Then, in late summer, he sent his volunteers the e-mail that had been years in the making. It read, "I'm happy to announce that I, Daniel Hoffer, and the rest of CouchSurfing's Board of Directors and advisers have finally reached what we believe is the best decision for the future of the CouchSurfing community. Today, August 23, CouchSurfing became a Certified B Corporation, or B Corp." A similar announcement, with links to the videos, was later sent to the membership at large.
The Aftermath: A New Business Model. And a New CEO
"For two weeks, it was intense," says Hoffer. He and Fenton worked around the clock responding to members and the media; Fenton says he received 1,500 emails. Some expressed congratulations. Others not so much. "They were like, 'You're going to do what corporations do and care about moneymaking more than vision and mission,' " Fenton says.
It took time, but Fenton responded to every e-mail. Then, on September 15, he set off for Montreal, followed by Istanbul, London, Paris, Berlin, and seven other cities. He spent a few days in each, holding town-hall meetings that drew as many as 200 people, as well as one-on-one discussions with anyone who wanted to talk.
Of course, there was still a good deal of dissent. A group opposed to the status change, with more than 3,000 members, formed on CouchSurfing.org, and an online petition opposing the new legal status garnered more than 800 signatures. Though members may have been vocal, however, Fenton says few actually left.
Meanwhile, Hoffer, who had spent the past few months meeting with venture capitalists, managed to close a $7.6 million round of financing from Benchmark Capital, Omidyar Network, and some angel investors. CouchSurfing began putting that investment to work. Hoffer hired 20 new employees. In March, they brought on Tony Espinoza, a tech entrepreneur and angel investor, to replace Hoffer as CEO. "We were looking for someone with experience that I didn't have in running a Web company," says Hoffer. "Tony had the skills and connections to help us grow."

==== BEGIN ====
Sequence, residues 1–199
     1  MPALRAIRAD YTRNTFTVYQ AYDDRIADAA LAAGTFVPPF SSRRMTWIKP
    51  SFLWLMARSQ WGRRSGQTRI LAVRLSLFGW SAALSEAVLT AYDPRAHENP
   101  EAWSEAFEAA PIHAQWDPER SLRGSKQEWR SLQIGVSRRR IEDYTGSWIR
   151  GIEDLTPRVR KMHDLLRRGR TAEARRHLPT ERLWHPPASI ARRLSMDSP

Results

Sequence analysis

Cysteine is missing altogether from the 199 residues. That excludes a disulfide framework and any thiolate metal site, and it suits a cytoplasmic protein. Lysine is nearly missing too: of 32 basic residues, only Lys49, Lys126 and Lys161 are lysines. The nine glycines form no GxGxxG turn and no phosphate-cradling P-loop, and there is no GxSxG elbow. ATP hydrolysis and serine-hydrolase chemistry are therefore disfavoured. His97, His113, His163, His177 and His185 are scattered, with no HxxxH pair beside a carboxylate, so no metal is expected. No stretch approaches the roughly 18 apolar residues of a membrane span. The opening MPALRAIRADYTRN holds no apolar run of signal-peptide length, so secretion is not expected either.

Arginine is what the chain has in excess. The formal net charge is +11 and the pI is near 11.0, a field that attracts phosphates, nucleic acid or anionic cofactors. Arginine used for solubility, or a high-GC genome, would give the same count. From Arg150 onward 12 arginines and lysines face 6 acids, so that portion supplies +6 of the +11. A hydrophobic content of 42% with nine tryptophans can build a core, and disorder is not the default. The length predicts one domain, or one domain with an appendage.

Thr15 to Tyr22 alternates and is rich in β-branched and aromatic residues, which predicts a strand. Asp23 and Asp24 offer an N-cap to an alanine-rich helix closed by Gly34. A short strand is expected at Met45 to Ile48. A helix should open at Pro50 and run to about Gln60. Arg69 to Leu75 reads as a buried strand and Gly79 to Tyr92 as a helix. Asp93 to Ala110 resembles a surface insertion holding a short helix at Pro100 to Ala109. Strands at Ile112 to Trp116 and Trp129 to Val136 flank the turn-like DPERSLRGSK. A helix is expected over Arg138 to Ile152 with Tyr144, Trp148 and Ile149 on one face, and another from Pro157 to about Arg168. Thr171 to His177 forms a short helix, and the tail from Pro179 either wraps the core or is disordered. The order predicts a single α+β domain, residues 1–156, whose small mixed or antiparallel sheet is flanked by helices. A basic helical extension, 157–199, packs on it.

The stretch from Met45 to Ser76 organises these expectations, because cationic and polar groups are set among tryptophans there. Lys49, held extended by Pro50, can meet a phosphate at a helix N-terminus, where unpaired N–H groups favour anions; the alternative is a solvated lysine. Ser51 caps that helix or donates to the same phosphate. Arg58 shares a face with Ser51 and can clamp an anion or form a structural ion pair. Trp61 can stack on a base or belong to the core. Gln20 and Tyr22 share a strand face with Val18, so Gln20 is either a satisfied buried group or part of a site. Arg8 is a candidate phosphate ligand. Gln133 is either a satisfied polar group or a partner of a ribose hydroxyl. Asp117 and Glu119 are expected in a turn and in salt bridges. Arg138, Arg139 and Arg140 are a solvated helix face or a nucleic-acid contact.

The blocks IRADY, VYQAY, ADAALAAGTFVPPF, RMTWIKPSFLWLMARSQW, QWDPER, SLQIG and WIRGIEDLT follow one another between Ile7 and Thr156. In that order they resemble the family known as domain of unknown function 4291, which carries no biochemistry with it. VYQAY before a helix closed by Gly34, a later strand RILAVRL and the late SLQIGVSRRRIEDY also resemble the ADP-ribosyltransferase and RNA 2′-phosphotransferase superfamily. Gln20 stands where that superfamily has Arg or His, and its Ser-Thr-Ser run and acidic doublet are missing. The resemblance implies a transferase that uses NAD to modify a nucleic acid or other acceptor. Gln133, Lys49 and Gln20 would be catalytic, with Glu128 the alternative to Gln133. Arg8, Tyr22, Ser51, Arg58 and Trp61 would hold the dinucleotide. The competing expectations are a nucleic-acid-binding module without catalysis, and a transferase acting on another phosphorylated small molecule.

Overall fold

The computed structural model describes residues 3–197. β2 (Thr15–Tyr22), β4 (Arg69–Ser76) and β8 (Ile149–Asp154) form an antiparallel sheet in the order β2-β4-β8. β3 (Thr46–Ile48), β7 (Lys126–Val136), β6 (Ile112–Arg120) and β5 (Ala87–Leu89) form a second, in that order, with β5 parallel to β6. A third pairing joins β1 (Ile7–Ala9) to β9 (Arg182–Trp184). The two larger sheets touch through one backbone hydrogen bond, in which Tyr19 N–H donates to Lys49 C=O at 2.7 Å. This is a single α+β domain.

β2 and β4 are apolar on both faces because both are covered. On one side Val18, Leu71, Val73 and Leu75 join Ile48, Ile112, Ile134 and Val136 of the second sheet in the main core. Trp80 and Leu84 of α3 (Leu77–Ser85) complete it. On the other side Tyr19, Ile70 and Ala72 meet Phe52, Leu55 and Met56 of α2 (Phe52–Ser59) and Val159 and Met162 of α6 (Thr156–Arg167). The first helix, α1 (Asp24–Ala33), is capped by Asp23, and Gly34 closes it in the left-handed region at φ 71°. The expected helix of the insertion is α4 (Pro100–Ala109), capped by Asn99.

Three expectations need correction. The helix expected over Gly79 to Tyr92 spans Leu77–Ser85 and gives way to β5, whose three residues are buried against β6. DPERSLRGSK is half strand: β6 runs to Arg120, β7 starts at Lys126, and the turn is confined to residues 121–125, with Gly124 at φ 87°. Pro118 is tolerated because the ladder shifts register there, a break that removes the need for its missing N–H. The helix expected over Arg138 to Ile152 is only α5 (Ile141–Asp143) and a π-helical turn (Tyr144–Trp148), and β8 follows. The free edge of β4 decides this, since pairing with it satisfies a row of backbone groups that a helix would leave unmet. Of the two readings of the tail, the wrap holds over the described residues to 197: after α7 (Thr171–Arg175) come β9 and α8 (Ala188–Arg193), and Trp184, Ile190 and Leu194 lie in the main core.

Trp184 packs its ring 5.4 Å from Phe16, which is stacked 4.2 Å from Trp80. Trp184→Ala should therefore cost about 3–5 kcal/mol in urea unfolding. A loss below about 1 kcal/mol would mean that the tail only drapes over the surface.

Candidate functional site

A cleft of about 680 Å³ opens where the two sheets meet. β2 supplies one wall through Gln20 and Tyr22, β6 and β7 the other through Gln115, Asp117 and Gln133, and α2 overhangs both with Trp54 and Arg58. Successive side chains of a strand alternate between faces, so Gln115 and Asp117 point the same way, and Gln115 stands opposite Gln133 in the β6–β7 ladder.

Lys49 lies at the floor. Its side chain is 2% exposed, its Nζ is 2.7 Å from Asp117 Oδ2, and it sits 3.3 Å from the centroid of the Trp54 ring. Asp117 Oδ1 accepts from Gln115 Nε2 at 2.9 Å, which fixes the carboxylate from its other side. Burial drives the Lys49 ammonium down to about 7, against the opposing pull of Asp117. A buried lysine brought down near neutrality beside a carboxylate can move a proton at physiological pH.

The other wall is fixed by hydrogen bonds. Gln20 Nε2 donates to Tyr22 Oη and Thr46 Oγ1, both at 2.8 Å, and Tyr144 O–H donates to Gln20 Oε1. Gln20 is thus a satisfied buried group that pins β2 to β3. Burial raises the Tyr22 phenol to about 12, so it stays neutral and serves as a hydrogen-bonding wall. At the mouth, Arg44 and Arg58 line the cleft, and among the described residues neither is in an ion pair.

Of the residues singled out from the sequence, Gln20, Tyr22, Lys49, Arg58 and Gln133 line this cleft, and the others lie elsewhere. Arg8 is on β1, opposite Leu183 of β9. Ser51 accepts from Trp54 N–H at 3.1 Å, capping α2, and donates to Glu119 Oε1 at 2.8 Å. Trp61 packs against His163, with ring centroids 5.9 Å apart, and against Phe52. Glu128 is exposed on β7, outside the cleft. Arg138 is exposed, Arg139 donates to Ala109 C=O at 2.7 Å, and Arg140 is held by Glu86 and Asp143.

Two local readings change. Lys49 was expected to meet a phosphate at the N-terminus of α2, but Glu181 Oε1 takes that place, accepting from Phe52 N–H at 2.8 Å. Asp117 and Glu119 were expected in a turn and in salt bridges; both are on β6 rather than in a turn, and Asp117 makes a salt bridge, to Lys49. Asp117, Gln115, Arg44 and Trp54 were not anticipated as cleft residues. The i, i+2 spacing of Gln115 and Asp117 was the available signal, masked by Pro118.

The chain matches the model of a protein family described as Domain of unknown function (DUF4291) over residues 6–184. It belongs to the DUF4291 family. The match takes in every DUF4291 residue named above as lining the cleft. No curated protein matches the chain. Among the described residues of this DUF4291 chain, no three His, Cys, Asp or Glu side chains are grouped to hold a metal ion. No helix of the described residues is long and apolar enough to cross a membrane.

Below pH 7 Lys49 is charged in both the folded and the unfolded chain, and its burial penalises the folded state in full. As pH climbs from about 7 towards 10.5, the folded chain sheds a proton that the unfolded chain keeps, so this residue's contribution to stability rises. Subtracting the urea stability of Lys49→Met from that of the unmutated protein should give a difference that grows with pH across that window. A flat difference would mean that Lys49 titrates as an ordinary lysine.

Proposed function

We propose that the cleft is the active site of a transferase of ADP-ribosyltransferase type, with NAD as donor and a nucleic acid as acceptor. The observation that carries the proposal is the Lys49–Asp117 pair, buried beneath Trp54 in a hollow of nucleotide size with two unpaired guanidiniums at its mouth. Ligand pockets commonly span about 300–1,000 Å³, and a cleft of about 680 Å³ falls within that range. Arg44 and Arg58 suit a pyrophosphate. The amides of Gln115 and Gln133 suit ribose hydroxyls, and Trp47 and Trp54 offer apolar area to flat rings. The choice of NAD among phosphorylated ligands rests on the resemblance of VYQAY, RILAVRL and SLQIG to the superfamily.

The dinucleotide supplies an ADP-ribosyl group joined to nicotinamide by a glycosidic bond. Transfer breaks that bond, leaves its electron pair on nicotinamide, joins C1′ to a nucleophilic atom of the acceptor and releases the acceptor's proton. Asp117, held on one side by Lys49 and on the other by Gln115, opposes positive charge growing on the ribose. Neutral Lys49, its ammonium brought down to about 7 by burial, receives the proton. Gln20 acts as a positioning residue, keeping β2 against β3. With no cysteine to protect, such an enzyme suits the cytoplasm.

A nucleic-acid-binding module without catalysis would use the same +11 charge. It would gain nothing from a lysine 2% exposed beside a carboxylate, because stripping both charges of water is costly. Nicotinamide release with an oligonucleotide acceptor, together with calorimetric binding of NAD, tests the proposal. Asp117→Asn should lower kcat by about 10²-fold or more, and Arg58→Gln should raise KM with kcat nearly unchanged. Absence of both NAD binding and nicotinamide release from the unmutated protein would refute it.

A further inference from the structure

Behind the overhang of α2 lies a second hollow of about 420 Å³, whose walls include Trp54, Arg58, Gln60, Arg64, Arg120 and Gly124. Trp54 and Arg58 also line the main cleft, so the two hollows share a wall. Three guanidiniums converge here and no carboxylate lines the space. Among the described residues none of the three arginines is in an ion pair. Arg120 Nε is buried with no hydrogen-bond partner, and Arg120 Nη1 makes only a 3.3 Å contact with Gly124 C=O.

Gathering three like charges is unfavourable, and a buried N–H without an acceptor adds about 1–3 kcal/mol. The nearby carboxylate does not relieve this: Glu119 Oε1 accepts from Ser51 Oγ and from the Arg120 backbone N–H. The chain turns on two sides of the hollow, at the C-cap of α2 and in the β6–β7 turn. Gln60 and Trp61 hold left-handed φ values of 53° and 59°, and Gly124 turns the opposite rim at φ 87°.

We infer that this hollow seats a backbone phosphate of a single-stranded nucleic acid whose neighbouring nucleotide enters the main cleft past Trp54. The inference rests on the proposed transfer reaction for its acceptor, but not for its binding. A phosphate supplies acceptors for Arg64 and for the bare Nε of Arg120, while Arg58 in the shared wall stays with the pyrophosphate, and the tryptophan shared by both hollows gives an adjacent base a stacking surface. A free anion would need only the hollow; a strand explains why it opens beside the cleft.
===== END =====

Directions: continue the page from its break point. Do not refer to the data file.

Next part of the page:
The Takeaway: 'I'm Just Glad the Community Cares So Deeply.'
Will the management change inspire another user backlash? "I'm just glad the community cares so deeply," says Espinoza, who is overseeing a redesign of the website and the development of a mobile app. "There's nothing worse than building a product for people who are indifferent."
But there is one thing that will never change: Even as the site looks for additional revenue streams, the co-founders promise that hosting and surfing will always remain free. Fenton and Hoffer consider the transition a success. Fenton says his one regret was not giving the general members as much information as the volunteers had.
As for Hoffer, he says, "The lesson I learned is that overcommunication is the best path. Sometimes, you need to say something more than once for the message to really sink in."
Set Aside Some Profits
As a business, it's honorable to tell your customers or members what's going on. But people don't really want to hear excuses. When people support a nonprofit, it's from the heart. They're supporting one thing, and you're asking them to change. The way to make the transition really work would be to set aside some profits to go toward a charity and set a place where people can donate extra money to charity on the website. At least then, CouchSurfing is showing they're still committed to goodness.
Martin Pichinson | co-managing member, Sherwood Partners, Mountain View, California
A B Corporation Isn't Enough
I like the B Corporation certification, but in the case of CouchSurfing.org, it probably doesn't provide the reassurance members want, because it's not a legal structure. A better way to go would have been to incorporate as a benefit corporation, which is similar to B Corp. but is an actual legal structure in California. It obligates the board of directors of a company to act in the interests of all stakeholders, not just the shareholders—and that includes the members and community served by the corporation.
Allen Bromberger | partner, Perlman & Perlman, New York City
Time to Man Up
It's essential to flood the CouchSurfing community with truthful messages. They are shooting themselves in the foot by trumpeting the fact they are a B Corporation, while, legally, they are a C corporation. It's time the founders took a brave pill and realized it's not shameful to be a C corporation. Like in any growing business, they should expect to lose people along the way. They will experience churn among both volunteers and employees, but that's no bad thing. New people bring new ideas and a fresh perspective.
Gordon Beattie | founder, Beattie Communications, London